“I need the data,” he told Council members. “The people need the data and I don’t want cost to be the No. 1 problem to stop this from happening.”

District 3 Supervisor Chris Howard had been calling for more accurate data since CDFW closed the nearshore groundfish fishery in August. Speaking before PFMC members on Sunday, Howard drew a comparison between the quillback rockfish and the northern spotted owl. According to him, it took representatives of the timber industry to present a data set that prevented the spotted owl from being listed as threatened in California.

“We can do the same thing with quillback,” Howard said. “I’m encouraging this body to encourage both state and federal agencies to find a way to use the data sets that’s coming out of these areas that can’t be fished by traditional trawl methods.”

On Monday, Howard said the conclusion the PFMC came to that opened the nearshore area up to fishing is based on the work that local fishermen did.

Crescent City Mayor Blake Inscore was also another elected official who went before the Pacific Fisheries Management Council to talk about the local impact closing nearshore groundfish fishing had. Since the COVID-19 pandemic, Crescent City had seen “amazing recovery” in its sales tax and transient occupancy tax revenues, he said. However, once the fishery closed, those numbers went down, Inscore said.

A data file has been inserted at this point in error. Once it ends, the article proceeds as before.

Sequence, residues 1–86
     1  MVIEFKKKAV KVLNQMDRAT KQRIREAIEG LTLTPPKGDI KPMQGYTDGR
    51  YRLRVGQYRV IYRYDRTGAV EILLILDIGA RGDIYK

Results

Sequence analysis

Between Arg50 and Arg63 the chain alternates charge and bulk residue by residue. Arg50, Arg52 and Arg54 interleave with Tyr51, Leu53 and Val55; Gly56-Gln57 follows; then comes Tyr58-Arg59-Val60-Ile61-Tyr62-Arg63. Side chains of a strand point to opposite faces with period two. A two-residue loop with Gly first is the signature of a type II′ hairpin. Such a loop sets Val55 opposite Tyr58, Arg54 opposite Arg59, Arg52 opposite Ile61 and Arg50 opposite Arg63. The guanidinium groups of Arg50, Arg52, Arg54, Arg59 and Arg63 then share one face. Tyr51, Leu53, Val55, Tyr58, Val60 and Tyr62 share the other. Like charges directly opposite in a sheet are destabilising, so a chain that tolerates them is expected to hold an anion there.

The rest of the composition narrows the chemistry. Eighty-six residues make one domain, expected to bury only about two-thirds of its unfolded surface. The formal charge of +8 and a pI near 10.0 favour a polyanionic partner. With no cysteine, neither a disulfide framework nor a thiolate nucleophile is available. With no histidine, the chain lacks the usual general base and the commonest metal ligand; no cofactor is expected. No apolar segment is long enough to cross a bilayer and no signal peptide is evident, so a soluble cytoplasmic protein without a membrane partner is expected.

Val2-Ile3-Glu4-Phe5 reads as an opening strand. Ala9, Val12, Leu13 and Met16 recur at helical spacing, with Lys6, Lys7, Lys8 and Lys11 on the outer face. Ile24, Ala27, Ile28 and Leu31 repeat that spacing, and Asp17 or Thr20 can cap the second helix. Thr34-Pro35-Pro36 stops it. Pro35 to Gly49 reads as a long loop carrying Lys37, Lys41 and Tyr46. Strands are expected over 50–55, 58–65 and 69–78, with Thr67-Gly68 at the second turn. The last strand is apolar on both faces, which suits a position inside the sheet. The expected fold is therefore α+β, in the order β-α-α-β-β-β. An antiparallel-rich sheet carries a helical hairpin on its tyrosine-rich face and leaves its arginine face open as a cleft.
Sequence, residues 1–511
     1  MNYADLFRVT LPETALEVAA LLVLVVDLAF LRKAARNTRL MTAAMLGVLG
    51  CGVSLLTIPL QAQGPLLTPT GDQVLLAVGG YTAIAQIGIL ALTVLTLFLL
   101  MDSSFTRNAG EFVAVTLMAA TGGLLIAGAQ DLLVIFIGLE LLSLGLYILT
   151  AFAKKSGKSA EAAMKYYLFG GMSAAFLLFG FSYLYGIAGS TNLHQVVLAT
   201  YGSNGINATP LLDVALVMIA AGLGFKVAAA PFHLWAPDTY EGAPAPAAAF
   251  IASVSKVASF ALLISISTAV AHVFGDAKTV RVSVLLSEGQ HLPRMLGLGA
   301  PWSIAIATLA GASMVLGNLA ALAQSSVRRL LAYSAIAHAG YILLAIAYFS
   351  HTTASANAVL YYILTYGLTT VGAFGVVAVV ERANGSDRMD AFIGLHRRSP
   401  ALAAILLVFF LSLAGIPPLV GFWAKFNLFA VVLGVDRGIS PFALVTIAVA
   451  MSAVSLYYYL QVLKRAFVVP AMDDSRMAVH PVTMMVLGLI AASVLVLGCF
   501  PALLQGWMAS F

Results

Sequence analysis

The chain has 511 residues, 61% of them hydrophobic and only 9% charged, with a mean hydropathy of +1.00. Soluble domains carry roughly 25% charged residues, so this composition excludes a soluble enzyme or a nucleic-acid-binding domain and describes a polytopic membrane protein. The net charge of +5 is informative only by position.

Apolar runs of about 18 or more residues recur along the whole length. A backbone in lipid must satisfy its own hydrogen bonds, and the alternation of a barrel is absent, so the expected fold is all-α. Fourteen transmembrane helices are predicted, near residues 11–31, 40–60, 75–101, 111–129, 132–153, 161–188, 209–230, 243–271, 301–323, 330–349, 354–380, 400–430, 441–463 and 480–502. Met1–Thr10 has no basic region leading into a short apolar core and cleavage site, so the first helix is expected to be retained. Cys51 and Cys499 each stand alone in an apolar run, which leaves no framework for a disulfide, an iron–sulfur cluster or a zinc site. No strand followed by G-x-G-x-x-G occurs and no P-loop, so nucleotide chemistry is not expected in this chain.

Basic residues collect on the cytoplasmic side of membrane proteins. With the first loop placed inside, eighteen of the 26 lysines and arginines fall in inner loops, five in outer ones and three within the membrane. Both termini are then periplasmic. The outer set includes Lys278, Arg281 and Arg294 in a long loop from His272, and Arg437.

“These things are huge in a small community,” he said, pointing out that more than 105 public comments had been submitted electronically by people he interacts with often. “There is work to be done and real-time assessment about what has happened and what is going to happen [that] needs to be taken seriously in real time. This is not something that is years away or months away. It is going to impact us significantly going into this tourism season.”